Transport of three veterinary antimicrobials from feedlot pens via simulated rainfall runoff.
Sura, S., Degenhardt, D., Cessna, A.J., Larney, F.J., Olson, A.F., and McAllister, T.A. (2015). "Transport of three veterinary antimicrobials from feedlot pens via simulated rainfall runoff.", Science of the Total Environment, 521-522, pp. 191-199. doi : 10.1016/j.scitotenv.2015.03.080 Access to full text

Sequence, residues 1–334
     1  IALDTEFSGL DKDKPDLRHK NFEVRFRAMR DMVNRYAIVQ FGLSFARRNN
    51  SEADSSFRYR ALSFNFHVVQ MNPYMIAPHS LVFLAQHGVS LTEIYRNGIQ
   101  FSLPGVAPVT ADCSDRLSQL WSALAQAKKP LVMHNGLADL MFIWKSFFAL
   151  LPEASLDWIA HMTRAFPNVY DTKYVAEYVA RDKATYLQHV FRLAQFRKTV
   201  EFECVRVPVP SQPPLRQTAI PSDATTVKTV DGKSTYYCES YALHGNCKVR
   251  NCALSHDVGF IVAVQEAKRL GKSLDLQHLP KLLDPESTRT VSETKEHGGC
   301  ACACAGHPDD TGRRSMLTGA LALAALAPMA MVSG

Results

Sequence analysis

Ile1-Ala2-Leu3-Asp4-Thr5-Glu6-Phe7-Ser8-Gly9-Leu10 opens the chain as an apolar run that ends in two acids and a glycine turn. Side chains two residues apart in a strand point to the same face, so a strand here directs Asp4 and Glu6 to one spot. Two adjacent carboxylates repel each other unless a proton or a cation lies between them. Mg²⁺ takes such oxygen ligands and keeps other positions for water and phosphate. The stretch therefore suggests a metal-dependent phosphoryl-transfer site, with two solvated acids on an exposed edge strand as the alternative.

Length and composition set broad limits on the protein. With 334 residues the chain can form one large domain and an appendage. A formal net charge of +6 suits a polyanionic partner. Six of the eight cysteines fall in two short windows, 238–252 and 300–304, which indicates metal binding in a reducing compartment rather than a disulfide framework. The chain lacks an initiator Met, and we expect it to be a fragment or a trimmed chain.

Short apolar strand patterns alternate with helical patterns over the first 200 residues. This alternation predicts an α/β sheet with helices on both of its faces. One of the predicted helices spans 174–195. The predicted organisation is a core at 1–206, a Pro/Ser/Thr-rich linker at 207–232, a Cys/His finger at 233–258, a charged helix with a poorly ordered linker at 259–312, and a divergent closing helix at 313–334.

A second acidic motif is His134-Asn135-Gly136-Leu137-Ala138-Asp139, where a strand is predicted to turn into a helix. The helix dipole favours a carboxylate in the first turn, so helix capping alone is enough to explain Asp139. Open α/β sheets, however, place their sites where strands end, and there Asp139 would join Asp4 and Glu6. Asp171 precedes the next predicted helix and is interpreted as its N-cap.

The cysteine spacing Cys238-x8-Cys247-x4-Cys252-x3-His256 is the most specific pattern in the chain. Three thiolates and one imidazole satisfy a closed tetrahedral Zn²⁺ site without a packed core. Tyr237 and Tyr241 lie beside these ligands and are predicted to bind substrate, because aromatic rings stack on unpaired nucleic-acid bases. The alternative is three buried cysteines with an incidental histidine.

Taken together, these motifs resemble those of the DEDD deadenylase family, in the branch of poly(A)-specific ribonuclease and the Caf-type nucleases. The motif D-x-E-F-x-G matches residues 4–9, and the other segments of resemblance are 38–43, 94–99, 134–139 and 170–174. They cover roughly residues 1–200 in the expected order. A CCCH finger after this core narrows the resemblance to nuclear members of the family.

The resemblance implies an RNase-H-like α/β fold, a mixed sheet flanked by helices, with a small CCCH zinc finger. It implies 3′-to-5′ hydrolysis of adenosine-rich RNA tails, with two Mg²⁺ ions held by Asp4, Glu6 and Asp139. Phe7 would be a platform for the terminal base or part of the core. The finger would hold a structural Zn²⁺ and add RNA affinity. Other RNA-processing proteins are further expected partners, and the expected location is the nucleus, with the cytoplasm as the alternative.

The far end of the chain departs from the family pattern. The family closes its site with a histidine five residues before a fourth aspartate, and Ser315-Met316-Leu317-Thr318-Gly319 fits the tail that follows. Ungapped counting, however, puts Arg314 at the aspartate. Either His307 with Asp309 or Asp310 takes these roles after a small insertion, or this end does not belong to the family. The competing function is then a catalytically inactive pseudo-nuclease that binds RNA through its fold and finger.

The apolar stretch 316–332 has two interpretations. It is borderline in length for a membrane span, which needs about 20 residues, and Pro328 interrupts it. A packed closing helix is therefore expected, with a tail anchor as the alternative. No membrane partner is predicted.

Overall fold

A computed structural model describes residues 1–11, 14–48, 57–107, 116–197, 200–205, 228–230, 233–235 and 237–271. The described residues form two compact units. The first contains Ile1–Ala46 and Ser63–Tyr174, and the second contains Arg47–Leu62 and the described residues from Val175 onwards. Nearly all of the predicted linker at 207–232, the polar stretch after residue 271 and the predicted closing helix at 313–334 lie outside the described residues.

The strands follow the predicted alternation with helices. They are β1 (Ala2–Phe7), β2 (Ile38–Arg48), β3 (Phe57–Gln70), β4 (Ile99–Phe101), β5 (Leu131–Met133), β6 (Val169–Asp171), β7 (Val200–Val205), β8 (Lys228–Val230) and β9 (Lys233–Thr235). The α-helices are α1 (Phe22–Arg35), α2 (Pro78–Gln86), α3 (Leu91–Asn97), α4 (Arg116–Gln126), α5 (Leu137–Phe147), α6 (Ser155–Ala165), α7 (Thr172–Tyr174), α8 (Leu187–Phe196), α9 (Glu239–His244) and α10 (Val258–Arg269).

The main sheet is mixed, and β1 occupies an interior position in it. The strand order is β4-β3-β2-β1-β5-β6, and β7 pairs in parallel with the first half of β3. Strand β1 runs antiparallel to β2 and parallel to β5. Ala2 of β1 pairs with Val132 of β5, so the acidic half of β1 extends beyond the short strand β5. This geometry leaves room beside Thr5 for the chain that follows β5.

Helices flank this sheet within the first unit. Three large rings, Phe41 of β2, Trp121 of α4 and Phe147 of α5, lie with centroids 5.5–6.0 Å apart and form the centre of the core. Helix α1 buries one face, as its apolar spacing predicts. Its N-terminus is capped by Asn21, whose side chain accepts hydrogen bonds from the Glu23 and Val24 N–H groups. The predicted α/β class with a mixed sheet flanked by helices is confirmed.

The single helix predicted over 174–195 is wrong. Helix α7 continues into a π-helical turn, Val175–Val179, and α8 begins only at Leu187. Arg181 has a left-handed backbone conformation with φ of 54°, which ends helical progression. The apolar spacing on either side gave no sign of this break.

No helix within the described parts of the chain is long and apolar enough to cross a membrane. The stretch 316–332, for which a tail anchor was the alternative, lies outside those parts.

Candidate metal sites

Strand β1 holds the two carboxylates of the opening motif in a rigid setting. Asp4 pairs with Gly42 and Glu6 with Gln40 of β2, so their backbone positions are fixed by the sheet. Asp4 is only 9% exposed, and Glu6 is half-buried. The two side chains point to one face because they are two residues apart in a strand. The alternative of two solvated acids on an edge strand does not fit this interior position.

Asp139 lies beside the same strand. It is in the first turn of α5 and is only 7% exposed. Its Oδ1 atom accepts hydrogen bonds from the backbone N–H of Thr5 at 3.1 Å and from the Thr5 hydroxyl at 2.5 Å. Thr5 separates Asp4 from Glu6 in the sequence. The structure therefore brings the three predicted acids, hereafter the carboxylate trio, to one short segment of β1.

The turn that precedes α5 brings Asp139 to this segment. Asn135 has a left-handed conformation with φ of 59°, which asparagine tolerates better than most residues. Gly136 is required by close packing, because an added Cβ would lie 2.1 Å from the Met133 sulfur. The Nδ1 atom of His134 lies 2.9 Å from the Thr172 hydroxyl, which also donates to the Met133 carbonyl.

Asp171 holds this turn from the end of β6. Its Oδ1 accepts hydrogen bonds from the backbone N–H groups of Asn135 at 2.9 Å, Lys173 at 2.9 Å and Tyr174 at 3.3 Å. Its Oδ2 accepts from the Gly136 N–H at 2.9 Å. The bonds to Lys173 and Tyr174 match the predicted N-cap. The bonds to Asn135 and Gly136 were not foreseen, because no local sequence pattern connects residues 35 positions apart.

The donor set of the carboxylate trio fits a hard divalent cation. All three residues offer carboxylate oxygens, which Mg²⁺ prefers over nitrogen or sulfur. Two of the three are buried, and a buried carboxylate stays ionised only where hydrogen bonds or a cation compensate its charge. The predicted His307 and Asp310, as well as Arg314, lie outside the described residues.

Veterinary antimicrobials are introduced to wider environments by manure application to agricultural fields or through leaching or runoff from manure storage areas (feedlots, stockpiles, windrows, lagoons). Detected in manure, manure-treated soils, and surface and ground water near intensive cattle feeding operations, there is a concern that environmental contamination by these chemicals may promote the development of antimicrobial resistance in bacteria. Surface runoff and leaching appear to be major transport pathways by which veterinary antimicrobials eventually contaminate surface and ground water, respectively. A study was conducted to investigate the transport of three veterinary antimicrobials (chlortetracycline, sulfamethazine, tylosin), commonly used in beef cattle production, in simulated rainfall runoff from feedlot pens. Mean concentrations of veterinary antimicrobials were 1.4 to 3.5 times higher in surface material from bedding vs. non-bedding pen areas. Runoff rates and volumetric runoff coefficients were similar across all treatments but both were significantly higher from non-bedding (0.53 L min-1; 0.27) than bedding areas (0.40 L min-1; 0.19). In keeping with concentrations in pen surface material, mean concentrations of veterinary antimicrobials were 1.4 to 2.5 times higher in runoff generated from bedding vs. non-bedding pen areas. Water solubility and sorption coefficient of antimicrobials played a role in their transport in runoff. Estimated amounts of chlortetracycline, sulfamethazine, and tylosin that could potentially be transported to the feedlot catch basin during a one in 100-year precipitation event were 1.3 to 3.6 g head-1, 1.9 g head-1, and 0.2 g head-1, respectively. This study demonstrates the magnitude of veterinary antimicrobial transport in feedlot pen runoff and supports the necessity of catch basins for runoff containment within feedlots.
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